Marketing - Article | 4-min. read

Understanding the Real Millennials: Facts and Figures

The millennial generation is unique, diverse, and often, can be difficult for businesses to understand and market to. Numerous factors, ranging from age, to demographics, location, political and social views, can make the category difficult to pin down and have a catch-all messaging approach. To complicate things, old-school thinking sometimes mislabels millennials as entitled or lazy because they value experiences over financial security.
To effectively communicate and serve millennial customers, business owners should understand the unique characteristics, motivations and behaviors that drive them. In this article, we’ll parse millennials into two groups (by age) in order to examine differences and similarities across a number of factors. While the full breadth of this group is much more complex than differences in age alone, this example will demonstrate the need to consider custom-tailored content, whether digital or physical, and marketing strategy, to your specific target customer.

Unpack the Demographics

The real picture of the millennial population is clearer once we look at the demographic makeup. Millennials are the nation’s largest living generation1, surpassing baby boomers by half a million. People who were between 18 and 34 years old in 2015 define this generation. They’re more ethnically and racially diverse than past generations and account for one in five same-sex couples. They marry later and are the most educated generation in history, with nearly a quarter of them having at least a bachelor’s degree.

Nielsen2 sorts millennials into two categories: younger (ages 18 to 26) and older (ages 27 to 34). The median income for a younger millennial is $25,000, while an older millennial makes nearly $48,000. According to a Zogby Analytics poll3, only 48% of millennials ages 18 to 24 are employed, compared to 69% of millennials 25-34 who report working full or part-time.

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Who Are the Real Millennials?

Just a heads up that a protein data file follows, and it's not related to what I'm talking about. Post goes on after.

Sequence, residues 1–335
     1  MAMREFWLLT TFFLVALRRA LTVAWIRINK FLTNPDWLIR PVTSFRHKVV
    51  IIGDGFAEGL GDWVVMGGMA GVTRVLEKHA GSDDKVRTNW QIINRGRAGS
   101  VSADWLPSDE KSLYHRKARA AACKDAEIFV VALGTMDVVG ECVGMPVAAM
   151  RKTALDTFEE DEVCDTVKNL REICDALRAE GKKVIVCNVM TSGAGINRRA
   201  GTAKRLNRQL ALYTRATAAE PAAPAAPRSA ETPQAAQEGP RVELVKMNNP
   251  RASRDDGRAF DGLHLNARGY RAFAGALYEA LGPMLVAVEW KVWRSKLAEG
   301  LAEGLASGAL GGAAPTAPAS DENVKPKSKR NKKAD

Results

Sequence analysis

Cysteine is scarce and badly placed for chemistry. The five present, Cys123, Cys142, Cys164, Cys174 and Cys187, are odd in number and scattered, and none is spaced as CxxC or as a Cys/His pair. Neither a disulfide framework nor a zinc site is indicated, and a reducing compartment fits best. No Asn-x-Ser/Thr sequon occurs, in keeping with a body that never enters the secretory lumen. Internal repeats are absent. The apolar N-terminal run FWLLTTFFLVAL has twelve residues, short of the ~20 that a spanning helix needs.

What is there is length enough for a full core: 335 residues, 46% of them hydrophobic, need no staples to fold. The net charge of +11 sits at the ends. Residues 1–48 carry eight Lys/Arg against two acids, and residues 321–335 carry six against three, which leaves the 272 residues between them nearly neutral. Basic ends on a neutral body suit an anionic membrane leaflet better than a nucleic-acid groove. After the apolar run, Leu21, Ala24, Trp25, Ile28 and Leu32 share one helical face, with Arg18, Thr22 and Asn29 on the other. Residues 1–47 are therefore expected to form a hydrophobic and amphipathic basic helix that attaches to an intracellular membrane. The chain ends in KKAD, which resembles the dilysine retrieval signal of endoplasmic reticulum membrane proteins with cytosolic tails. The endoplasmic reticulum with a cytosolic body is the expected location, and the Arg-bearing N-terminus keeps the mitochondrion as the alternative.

Reaching this target population requires an understanding of who millennials are—and aren’t. They aren’t entitled, self-absorbed or unfocused, but their work ethic is different from generations past. Work-life balance from them is crucial. They aren’t living to work, but working to live. They’re products of the digital age, and as such, they expect expedience and self-service.

At the same time, millennials crave authenticity, transparency and personalization from the businesses they patronize. They view commerce as opportunity, not obligation. They swear loyalty to brands based on the experiences the brand provides and the principles they value. It takes more than a good sale to bring a millennial to your door—they’re more likely to set foot in your store for a good cause. Consider The Odyssey article4 on the success of some charitable companies, which operate using a “buy one, give one” model. When they buy something, millennials want their purchases to contribute to the greater good.

“…millennials want their purchases to contribute to the greater good.”

This generation loves activism, sharing and self-expression. They believe that the buying choices they and their peers make say a lot about them. Some apparel and footwear manufacturers today have taken advantage of personalization, with customers being able to customize everything from colors and fits to adding their own text.

According to research by The NPD Group5, which analyzed the buying tendencies for these two age groups, the results are unsurprising: older millennials spend more on child care, home improvement and appliances. While younger millennials are far less likely to be married with children, both age groups contend with student loan debt, which impacts their spending habits.

Tap into Millennial Buying Power

Millennials represent a large sector of the market, and they’re expected to account for about $200 billion in purchasing power by 20176.

Reaching these purse strings requires a basic understanding of their attitudes. Millennials want to feel connected, both emotionally and digitally. Many of them have grown up with social media and want to be “in the know.” They adopt technological innovations more quickly than past generations, and they expect you not only to keep up, but to also dazzle them. But again, those that are in their teens have different priorities than those over 30, and they consume media differently. Their employment, family or income situations may greatly differ, as well. So while there is content and messaging that may be engaging and relevant to a wider audience, consider a more bespoke approach in terms of identifying purchase motivators or behaviors, in order to strike the right chords.

“Millennials want to feel connected, both emotionally and digitally.”

If companies want to reach millennials, they may need to keep both overall similarities across the board and unique differences across a number of factors in mind when addressing a sales or marketing strategy. These efforts should be driven and supported by the latest data and trends, as the landscape constantly evolves. A one-size-fits-all approach isn’t likely to work, and as tastes and behaviors shift over time, having a pulse on what’s relevant right now can effectively help keep your messaging and business results.

1Millennials Overtake Baby Boomers as America’s Largest Generation, Pew Research Center, 2016

2Millennials – Breaking the Myths, Nielsen, 2014

3Zogby Analytics Poll, 2014

48 Charitable Companies You Should Shop At In 2016, The Odyssey, 2016

510 Ways Younger and Older Millennials Shop Differently, The NPD Group, 2016

6Retail for the Millennials, Business2Community, 2016

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